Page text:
Nearly 800 incoming freshmen are participating in Outdoor Action, the University's oldest and largest pre-orientation program. In addition to outdoor adventure activities such as hiking and rock climbing at various sites from Virginia to New England, some of the Outdoor Action groups engage in service projects. This group is helping to repair trails and bridges at the Princeton-Blairstown Center.
Jeremy Kasdin, a professor of mechanical and aerospace engineering, joins an Outdoor Action group each year to meet the new freshmen, help guide the student leaders and take part in some climbing activities.
Outdoor Action photos by Brian Wilson
Freshmen tackle challenges and new adventures
Posted September 9, 2010; 05:30 p.m.
Nearly 800 members of Princeton's newest undergraduate class are preparing for the start of their freshman year by confronting physical challenges and forging bonds with their classmates through the Outdoor Action pre-orientation program.
Diane Jeon (left) congratulates classmate Hyunjean Kim after a climb.
Outdoor Action is the University's oldest and largest pre-orientation program. This year's program has the highest enrollment in its 37-year history, with 796 students -- roughly 60 percent of the class of 2014 -- participating. From Sept. 5-10, the Outdoor Action groups are engaged in experiential learning activities at sites in Virginia, New Jersey, Pennsylvania, New York and New England. Among other excursions, the group is visiting the Princeton-Blairstown Center, a 275-acre camp in northwest New Jersey, hiking in the Delaware Water Gap and taking sustainable farming trips near Princeton.
Freshman Dillon Sharp, who joined his classmates for rock climbing, hiking and other activities along the Appalachian Trail in northwest New Jersey, said, "You get to know people really well when you are together for days, and trying to avoid rainstorms and rattlesnakes makes for a really close bond."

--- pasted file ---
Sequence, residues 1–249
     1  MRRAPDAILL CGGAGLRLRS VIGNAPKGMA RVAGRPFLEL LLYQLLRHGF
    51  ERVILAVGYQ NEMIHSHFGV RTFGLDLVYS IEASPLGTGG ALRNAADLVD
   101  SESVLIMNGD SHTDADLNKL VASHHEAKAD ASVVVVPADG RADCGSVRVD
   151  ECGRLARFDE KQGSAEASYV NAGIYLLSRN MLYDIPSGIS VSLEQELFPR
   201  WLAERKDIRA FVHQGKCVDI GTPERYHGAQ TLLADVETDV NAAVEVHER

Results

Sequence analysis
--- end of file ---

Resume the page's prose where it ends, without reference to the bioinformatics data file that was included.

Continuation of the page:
At the same time, an additional 145 freshmen are participating in Community Action, which sponsors volunteer service projects in Princeton, Trenton and Philadelphia. Students are working with community organizations focused on the arts, health, environmental awareness, housing, hunger relief and education.
In late August, a group of 20 students who were selected for the second year of Princeton's Bridge Year Program gathered on campus for an orientation program before heading to their destinations in Ghana, India, Peru and Serbia. The Bridge Year Program enables students to defer the start of their freshman year to spend a tuition-free enrichment period abroad focused on public service.
The rest of the class of 2014 will arrive on campus to begin an orientation program on Saturday, Sept. 11. Among the first activities for the freshmen is Opening Exercises at 3 p.m. Sunday, Sept. 12, in the University Chapel. Classes begin Thursday, Sept. 16.
Below are additional photos from the students' Outdoor Action and Bridge Year Program orientation activities.
Outdoor Action: Students forge bonds
A day of rock climbing is designed to help the incoming freshmen learn teamwork and build connections with their classmates.
Freshman Dillon Sharp scales a rock along the Appalachian Trail.
An Outdoor Action group relaxes on a foot bridge at the Princeton-Blairstown Center, where they spent the day completing a service project.
Outdoor Action leader Bonnie Rogers (front left), a sophomore, returns to the Princeton-Blairstown Center from a hike with her group members, freshmen Miranda Kalvaria (front right), Joseph Labatt (background, in blue) and Gideon Grossman (background, in green).
After a long day in the woods, campers rest lakeside at the Princeton-Blairstown Center.
Bridge Year Program: Students connect before traveling the world
During the Bridge Year Program orientation session on goal setting and teamwork, students take part in a group activity on collaboration and group trust. (Bridge Year photos courtesy of Stephanie Kraemer)
From left, Bridge Year Program students Brett Diehl, Divya Farias, Eleanor Roberts, and Rachel Parks focus on communication and overcoming obstacles through an exercise in which they must use wooden planks to move across the room without touching the floor.
Farias, who will spend the next year in Peru, participates in an orientation exercise called "Lifelines," in which students list events, people, books or other influences in their lives.